• if $\lambda\notin\Lambda$, then $\langle\lambda,\lambda\rangle\in C$ and hence $\lambda\in C_\lambda=\Lambda$.

In both cases, we obtain a contradiction.

Proof of Claim. Let $\mathbf{On}$ be the class of ordinals and $(V_\alpha)_{\alpha\in\mathbf{On}}$ be the von Neumann hierarchy, which can be identified with the class $\bigcup_{\alpha\in\mathbf{On}}\{\alpha\}\times V_\alpha$. It can be shown that both these classes are constructible (because they can be defined by formulas in which quantifiers run over elements of the universal class $\mathbf V$). It can be shown that for every standard number $n\in\omega^\star\subseteq\omega$, every 7-labeled tree $\lambda\in 7^{2^{<n}}$ and every ordinal $\alpha$ there exists an ordinal $\beta$ such that $V_\alpha\cap G_\lambda(\mathbf V)=V_\alpha\cap G_\lambda(V_\gamma)$ for all ordinals $\gamma\ge\beta$.

Applying the Theorem of Recursion, for every ordinals $\alpha,\beta$ one can construct a class $C_{\alpha,\beta}\subseteq T\times\mathbf V$ such that for every standard number $n\in\omega^\star\subseteq\omega$ and 7-labeled tree $\lambda\in 7^{2^{<n}}$ we have $\{x\in \mathbf V:\langle \lambda,x\rangle\in C_{\alpha,\beta}\}=V_\alpha\cap C_\lambda(V_\beta)\}$. Moreover, the recursive definition of the indexed sequence $(C_{\alpha,\beta})_{\alpha,\beta\in\mathbf{On}}$ shows that it is constructible as a subclass of $\mathbf{On}\times\mathbf{On}\times T\times\mathbf V$ (because it is defined by a formula whose quantifiers run over elements of the universal set). For every ordinal $\alpha$ consider the class $$C_\alpha=\{\langle\lambda,x\rangle\in T\times\mathbf V:\exists \beta\in\mathbf{On}\;\forall \gamma\in \mathbf{On}\; (\beta\le \gamma\to \langle \lambda,x\rangle \in C_{\alpha,\gamma})\}.$$ The constructibility of the family $(C_{\alpha,\beta})_{\alpha,\beta\in \mathbf{On}}$ implies the constructibility of the set indexed family $(C_\alpha)_{\alpha\in\mathbf {On}}$ (identified with the subclass $\bigcup_{\alpha\in\mathbf{On}}\{\alpha\}\times C_\alpha$ of the class $\mathbf{On}\times (T\times\mathbf V)$. The constructibility of the indexed family $(C_\alpha)_{\alpha\in\mathbf{On}}$ implies the constructibility of the class $$C=\{\langle \lambda,x\rangle\in T\times\mathbf V:\exists \alpha\in\mathbf{On}\;\langle\lambda,x\rangle\in C_\alpha\},$$ which has the property, required in the Claim. $\square$


Question. In which place does this argument proving the inconsistency of NBG contain a gap?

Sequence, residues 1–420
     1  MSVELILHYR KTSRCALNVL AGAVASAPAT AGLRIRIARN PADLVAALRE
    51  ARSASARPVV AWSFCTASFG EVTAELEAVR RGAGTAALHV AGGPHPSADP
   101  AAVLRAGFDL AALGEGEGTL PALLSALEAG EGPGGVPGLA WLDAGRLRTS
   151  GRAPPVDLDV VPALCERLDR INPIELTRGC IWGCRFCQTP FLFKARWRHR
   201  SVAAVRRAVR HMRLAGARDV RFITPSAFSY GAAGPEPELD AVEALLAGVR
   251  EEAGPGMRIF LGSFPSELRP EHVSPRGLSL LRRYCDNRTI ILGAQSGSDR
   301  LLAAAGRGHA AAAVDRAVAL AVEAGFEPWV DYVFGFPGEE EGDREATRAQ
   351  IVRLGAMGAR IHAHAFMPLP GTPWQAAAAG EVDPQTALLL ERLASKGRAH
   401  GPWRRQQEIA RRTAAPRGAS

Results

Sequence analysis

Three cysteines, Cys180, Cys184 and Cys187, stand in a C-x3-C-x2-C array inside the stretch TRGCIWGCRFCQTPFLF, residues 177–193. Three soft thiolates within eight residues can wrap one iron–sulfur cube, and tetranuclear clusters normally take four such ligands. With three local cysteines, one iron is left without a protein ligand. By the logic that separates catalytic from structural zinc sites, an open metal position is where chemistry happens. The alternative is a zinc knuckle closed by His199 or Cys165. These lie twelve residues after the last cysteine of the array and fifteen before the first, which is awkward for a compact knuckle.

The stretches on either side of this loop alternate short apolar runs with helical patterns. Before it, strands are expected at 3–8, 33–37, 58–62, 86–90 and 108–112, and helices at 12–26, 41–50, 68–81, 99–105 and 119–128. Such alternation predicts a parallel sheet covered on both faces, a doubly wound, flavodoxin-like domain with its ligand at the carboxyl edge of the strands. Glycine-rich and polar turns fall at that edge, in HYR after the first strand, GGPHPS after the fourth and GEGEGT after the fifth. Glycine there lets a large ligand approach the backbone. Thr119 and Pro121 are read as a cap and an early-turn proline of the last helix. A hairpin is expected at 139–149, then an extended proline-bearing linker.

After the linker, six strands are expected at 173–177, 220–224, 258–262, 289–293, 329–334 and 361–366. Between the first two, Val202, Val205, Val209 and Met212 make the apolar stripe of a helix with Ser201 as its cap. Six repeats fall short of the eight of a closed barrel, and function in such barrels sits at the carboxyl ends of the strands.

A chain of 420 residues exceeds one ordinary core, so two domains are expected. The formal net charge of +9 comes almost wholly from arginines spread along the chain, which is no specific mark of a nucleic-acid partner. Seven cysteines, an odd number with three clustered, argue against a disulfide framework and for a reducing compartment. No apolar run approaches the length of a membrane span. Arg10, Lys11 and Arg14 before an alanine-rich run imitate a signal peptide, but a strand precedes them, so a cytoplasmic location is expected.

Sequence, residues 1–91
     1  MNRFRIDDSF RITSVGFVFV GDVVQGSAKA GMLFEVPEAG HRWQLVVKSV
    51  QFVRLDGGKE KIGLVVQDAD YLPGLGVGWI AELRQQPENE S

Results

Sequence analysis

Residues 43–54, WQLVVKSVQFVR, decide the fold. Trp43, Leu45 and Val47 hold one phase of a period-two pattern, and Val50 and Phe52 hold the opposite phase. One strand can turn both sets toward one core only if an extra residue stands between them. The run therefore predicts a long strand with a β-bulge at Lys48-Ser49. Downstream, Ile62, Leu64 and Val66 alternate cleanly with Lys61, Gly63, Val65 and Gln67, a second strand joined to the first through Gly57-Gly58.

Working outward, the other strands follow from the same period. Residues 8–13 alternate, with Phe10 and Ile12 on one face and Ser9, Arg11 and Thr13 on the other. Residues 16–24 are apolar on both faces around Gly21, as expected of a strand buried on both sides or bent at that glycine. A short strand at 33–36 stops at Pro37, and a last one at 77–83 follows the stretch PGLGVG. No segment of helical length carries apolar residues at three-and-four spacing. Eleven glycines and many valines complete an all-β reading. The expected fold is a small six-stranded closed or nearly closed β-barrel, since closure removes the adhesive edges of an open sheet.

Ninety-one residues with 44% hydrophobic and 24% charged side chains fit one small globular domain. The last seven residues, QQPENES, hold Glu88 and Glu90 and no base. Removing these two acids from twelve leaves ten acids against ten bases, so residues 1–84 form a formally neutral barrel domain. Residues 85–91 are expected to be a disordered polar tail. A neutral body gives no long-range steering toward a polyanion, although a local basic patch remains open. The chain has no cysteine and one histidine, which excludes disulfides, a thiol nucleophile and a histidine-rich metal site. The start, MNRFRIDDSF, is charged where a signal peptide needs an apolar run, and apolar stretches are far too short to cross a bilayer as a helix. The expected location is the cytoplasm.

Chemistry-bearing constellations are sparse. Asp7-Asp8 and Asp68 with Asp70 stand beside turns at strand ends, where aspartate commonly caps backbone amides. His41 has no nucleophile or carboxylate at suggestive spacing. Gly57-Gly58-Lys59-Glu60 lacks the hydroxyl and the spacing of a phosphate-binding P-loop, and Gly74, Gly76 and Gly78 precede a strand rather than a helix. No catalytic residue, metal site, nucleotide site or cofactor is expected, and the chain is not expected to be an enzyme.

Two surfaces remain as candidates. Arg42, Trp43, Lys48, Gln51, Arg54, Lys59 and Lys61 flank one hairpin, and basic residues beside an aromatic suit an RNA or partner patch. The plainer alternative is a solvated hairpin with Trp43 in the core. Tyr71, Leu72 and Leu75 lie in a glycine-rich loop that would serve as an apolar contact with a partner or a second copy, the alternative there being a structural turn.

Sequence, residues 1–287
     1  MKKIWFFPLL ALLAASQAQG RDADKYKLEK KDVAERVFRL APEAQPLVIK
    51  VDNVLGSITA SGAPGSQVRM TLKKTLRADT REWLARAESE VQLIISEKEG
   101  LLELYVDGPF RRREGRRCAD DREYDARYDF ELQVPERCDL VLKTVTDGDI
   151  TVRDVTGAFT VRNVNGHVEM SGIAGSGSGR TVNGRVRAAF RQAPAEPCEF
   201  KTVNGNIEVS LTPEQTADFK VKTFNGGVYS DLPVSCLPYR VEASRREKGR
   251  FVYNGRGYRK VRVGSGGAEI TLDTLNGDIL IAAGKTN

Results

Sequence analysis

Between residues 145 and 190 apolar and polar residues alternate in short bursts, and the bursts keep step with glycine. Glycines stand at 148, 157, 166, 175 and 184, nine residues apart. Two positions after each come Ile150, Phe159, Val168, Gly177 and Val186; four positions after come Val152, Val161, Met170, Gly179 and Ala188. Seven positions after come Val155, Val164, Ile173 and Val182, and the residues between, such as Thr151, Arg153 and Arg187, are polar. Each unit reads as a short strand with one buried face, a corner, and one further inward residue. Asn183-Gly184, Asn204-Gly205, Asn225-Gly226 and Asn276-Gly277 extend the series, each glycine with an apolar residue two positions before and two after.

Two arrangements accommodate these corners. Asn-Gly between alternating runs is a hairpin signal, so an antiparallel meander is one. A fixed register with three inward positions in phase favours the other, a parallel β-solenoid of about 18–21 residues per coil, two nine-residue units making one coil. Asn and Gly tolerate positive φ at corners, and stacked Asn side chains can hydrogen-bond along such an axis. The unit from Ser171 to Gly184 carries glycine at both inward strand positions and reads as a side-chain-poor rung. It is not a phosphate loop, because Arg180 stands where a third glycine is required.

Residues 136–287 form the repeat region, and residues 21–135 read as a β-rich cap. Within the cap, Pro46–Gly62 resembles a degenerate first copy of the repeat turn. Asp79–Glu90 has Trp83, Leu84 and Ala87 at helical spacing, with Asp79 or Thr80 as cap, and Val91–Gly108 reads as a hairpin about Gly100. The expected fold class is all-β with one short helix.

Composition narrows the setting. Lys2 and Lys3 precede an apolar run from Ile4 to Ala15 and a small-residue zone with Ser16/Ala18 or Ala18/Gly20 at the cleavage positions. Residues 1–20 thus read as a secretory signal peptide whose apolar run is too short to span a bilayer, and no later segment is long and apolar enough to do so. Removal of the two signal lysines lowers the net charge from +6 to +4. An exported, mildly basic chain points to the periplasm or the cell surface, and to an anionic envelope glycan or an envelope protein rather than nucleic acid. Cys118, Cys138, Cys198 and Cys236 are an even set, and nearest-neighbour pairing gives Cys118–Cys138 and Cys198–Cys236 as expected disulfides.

• 2
    $\begingroup$ Since your definition of constructible classes does not allow arbitrary sets as parameters, you cannot construct a constructible class $C_{α,β}⊆T×V$ such that ... for every ordinals $\alpha,\beta$. This would require the use of $\alpha$ and $\beta$ as parameters. $\endgroup$ Apr 8, 2023 at 11:15
  • 6
    $\begingroup$ Actually, even before that: recursion only allows you to construct a sequence of sets. You cannot construct a sequence of proper classes by recursion; NBG cannot prove that even for recursion over $\omega$, let alone larger ordinals. Which also testifies to the fact that, even in stronger set theories where the sequence provably exists, it is not definable by a formula without class quantifiers, thus there is no reason for it to be constructible in your sense. $\endgroup$ Apr 8, 2023 at 12:30
  • 10
    $\begingroup$ "there exists an ordinal $β$ such that $V_α∩G_λ(V)=V_α∩G_λ(V_γ)$ for all ordinals $γ≥β$" is not true in general. For example, take $\lambda$ such that $G_\lambda(X)=\{x\in X:\forall y\in X\,\exists z\in X\,y\in z\}$ (which is either $\emptyset$ or $X$) for all $X$. Then $G_\lambda(V)=V$, but $G_\lambda(V_\gamma)=\emptyset$ whenever $\gamma$ is a successor ordinal. It is only true that for each $\alpha$ and $\lambda$, there are arbitrarily large $\gamma$ such that $V_\alpha\cap G_\lambda(V)=V_\alpha\cap G_\lambda(V_\gamma)$. $\endgroup$ Apr 8, 2023 at 14:24
  • 7
    $\begingroup$ The principle of recursion over classes is known as ETR (elementary transfinite recursion) and it is not provable in GBC. For example, the first-order truth predicate is defined by such a recursion of length $\omega$, and there are models of GBC in which every class is first-order definable, but by Tarski's theorem truth is never itself definable. For some further analysis of ETR, see arxiv.org/abs/1707.03700. $\endgroup$ Apr 8, 2023 at 14:54
  • 3
    $\begingroup$ @JoelDavidHamkins In relation to your latest comment: An $\omega$-nonstandard spartan model of NBG, i.e., a model of NBG in which the collection of classes coincides with the collection of the parametrically definable subsets of the ambient model of ZF, the standard cut is indeed definable, see (*) on page 22 of the following (preprint of) a joint paper of ours: arxiv.org/pdf/1610.02729.pdf (as pointed out in the paper, the basic idea goes back to a 1950 paper of Mostowski). Indeed in such models the satisfaction predicate for the ambient model of ZF is definable. $\endgroup$